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SC to vet petrol pump allotments

New Delhi, Nov. 12: The Supreme Court today told the Centre it would scrutinise the allotment of petrol pumps and dealerships in petroleum products while examining the legality of the government’s decision to cancel all allotments since January 2000.

A division bench of Justices Y.K. Sabharwal and H.K. Sema fixed December 11 for final hearings in the case after solicitor-general Kirit Rawal said he had no knowledge on what grounds the allotments were granted and suddenly cancelled. The court had earlier stayed the cancellations.

Several dealers and dealership companies have challenged the government’s August 9 order, which came after Prime Minister Atal Bihari Vajpayee decided to scrap the allotments following allegations of favouritism and corruption.

In today’s proceedings, the bench said the solicitor-general would present some “representative cases” to the court, so it need not go into each and every allotment and their cancellation.

For example, several genuine allotments like those to ex-servicemen, war widows and the handicapped were also cancelled in the wake of the sweeping order.

The Centre, however, justified its move. In its affidavit, it said the “cancellation was done to ensure probity in public life” and contended that the action was not “illegal, arbitrary or unconstitutional”.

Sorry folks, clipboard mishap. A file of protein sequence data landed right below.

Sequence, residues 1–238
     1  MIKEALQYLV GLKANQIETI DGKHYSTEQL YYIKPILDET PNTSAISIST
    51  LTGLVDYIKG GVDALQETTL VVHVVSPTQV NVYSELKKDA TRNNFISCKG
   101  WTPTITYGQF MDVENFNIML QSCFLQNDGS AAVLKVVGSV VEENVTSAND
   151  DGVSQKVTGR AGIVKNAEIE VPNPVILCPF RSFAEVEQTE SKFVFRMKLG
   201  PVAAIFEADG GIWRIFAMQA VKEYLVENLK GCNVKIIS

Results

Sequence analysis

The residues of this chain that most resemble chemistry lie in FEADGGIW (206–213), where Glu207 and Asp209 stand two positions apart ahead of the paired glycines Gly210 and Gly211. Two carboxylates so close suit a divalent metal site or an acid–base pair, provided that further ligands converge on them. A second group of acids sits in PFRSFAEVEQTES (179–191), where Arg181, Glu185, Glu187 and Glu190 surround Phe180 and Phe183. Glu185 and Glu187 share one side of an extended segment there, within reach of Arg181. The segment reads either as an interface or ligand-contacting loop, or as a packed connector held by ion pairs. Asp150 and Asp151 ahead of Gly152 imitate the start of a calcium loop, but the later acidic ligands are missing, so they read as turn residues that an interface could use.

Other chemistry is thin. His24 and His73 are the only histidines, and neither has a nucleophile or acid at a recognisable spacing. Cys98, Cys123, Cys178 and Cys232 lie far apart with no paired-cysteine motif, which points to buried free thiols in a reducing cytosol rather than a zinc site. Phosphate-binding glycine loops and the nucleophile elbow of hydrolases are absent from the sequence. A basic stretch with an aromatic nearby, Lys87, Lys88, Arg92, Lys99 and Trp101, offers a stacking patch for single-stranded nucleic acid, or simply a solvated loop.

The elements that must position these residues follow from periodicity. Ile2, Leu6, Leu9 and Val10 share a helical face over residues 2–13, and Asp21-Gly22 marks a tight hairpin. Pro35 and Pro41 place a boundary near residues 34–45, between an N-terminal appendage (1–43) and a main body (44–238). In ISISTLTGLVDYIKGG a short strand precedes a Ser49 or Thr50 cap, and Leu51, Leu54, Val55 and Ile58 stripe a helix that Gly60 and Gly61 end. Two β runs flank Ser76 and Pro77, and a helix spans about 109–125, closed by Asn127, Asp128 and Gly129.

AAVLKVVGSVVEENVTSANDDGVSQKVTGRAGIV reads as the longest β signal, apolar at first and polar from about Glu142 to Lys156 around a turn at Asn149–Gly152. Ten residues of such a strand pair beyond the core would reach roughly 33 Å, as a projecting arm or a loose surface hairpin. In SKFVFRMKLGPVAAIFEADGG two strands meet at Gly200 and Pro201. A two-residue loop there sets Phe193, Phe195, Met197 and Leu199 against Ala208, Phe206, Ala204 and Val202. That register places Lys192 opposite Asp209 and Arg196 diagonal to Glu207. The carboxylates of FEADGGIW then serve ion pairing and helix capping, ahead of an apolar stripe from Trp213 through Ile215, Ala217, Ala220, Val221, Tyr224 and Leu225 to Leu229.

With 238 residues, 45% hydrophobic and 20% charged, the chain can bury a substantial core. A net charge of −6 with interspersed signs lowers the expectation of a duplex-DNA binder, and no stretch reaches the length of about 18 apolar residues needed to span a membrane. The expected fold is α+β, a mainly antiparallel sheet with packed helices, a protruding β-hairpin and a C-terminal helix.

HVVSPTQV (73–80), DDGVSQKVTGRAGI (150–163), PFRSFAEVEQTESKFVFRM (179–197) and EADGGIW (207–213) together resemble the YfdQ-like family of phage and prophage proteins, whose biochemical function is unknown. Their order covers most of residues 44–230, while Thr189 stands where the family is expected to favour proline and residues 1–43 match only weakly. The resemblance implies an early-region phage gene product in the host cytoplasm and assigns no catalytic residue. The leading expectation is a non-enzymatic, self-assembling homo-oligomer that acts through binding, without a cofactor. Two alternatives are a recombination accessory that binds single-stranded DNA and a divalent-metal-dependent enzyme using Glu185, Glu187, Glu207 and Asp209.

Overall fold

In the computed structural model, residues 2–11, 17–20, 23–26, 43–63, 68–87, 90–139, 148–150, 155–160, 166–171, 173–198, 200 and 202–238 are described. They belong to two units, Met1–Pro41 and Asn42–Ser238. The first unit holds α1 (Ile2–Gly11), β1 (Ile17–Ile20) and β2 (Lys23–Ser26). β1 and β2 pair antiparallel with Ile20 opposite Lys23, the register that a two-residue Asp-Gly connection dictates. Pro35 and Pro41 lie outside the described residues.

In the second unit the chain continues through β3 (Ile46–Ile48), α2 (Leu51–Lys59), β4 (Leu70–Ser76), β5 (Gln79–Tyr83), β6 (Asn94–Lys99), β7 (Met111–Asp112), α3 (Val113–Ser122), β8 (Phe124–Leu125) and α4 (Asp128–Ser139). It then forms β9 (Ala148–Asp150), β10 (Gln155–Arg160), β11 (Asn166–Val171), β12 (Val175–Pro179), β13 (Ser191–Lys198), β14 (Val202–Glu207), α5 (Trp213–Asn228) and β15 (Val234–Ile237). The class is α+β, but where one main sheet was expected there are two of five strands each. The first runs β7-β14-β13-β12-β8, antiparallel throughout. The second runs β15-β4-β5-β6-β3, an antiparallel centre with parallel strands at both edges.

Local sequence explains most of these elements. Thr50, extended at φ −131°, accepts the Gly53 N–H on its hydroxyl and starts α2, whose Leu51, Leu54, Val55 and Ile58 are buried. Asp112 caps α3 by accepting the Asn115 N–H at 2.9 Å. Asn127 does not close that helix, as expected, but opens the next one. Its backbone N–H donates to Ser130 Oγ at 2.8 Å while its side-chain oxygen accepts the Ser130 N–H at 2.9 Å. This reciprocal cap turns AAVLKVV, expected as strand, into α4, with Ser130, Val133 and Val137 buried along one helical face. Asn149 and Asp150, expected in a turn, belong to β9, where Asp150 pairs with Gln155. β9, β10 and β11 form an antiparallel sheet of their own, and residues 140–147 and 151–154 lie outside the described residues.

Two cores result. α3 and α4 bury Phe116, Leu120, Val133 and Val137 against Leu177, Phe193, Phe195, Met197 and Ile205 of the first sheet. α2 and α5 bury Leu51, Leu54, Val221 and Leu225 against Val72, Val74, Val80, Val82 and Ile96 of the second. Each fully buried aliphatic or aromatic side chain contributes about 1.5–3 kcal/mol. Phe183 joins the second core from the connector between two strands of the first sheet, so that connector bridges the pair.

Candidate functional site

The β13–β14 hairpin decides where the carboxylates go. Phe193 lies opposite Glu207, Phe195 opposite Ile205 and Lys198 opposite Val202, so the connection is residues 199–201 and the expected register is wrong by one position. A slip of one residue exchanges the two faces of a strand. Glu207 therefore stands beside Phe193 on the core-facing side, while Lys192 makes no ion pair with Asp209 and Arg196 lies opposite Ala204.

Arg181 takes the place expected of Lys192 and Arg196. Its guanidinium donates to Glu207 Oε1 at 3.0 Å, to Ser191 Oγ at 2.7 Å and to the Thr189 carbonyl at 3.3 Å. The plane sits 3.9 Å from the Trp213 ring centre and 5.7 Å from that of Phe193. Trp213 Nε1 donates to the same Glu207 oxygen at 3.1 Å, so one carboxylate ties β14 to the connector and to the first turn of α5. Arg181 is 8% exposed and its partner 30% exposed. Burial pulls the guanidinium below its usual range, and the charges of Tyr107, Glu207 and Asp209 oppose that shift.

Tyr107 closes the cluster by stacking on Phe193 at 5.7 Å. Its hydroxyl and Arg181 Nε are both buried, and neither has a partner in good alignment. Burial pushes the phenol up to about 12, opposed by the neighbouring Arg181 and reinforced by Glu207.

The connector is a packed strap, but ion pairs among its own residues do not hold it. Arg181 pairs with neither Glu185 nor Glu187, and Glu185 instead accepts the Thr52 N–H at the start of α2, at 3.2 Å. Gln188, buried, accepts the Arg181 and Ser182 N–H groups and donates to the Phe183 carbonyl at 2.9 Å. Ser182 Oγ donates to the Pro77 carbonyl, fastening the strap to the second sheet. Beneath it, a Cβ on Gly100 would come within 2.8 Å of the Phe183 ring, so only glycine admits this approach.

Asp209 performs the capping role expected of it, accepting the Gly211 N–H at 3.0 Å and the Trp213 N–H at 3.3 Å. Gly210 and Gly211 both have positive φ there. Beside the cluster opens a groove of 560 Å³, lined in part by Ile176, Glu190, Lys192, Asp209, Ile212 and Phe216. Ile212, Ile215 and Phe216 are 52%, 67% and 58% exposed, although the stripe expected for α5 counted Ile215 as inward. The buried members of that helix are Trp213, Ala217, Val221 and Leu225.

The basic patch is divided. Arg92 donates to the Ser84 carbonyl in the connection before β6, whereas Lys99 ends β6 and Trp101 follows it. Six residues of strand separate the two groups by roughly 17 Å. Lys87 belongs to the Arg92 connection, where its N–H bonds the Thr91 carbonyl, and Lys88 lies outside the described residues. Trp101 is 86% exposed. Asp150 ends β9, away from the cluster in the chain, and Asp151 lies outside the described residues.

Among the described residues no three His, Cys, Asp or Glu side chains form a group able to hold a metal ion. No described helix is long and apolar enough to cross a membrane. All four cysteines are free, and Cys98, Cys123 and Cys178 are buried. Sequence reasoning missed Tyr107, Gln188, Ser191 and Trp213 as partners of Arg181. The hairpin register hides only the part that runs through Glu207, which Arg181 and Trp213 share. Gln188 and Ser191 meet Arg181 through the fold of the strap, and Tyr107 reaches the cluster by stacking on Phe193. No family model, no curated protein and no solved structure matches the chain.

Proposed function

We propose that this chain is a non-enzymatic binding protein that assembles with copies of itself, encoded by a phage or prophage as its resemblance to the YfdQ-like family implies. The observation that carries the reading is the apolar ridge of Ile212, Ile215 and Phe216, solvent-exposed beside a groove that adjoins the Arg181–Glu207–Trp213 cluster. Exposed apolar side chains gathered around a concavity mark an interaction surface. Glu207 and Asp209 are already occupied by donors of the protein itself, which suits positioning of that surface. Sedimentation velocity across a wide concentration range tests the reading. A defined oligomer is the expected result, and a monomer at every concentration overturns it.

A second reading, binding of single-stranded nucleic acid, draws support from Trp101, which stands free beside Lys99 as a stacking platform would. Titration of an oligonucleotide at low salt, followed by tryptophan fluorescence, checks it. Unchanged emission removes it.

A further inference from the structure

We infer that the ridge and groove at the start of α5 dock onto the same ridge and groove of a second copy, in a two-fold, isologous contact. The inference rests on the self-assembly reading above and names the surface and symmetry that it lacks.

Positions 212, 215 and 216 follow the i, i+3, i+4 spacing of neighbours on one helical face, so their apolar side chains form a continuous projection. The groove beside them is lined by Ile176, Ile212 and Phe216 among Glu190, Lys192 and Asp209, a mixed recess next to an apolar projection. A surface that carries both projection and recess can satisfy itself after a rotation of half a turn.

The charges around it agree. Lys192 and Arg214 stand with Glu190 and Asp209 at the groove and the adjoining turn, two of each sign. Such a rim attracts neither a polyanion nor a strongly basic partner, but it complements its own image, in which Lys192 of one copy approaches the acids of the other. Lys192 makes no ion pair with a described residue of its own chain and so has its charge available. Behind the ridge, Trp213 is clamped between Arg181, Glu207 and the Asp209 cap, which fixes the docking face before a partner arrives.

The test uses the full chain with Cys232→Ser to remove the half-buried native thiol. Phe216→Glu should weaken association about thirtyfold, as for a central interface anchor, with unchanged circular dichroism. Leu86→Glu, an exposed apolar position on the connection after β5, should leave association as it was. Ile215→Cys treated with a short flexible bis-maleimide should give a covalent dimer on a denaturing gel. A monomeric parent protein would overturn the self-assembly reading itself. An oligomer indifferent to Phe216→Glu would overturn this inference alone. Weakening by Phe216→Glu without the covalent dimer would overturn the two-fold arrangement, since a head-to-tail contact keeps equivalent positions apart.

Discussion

The government, the affidavit stated, had taken a “policy decision (to) go for an across the board revocation of the allotments”.

The affidavit also said the government had the “power to direct cancellation”. It said whenever complaints were received they were attended to “by the machinery put in place” and since there were complaints, the government had cancelled all the allotments since January 2000.

The government has to maintain a “clean image, ensure fair play in action and probity in governance”, the affidavit said, submitting that “such a measure (cancellation) was taken without any desire to favour or harm somebody and without any ulterior motive whatsoever”.

It said the petitioners “have no legal right which can be enforced under Article 226 of the Constitution” and prayed for the dismissal of all the petitions.

But the judges pointed out that there might have been some cases of fair allotment. “What the government has done is cancelled all. There would have been some cases which would have been allotted fairly. Has the government taken the trouble of examining which are the cases in which it found favouritism was done'” the bench asked. They judges also declined to recall the stay on the government order.

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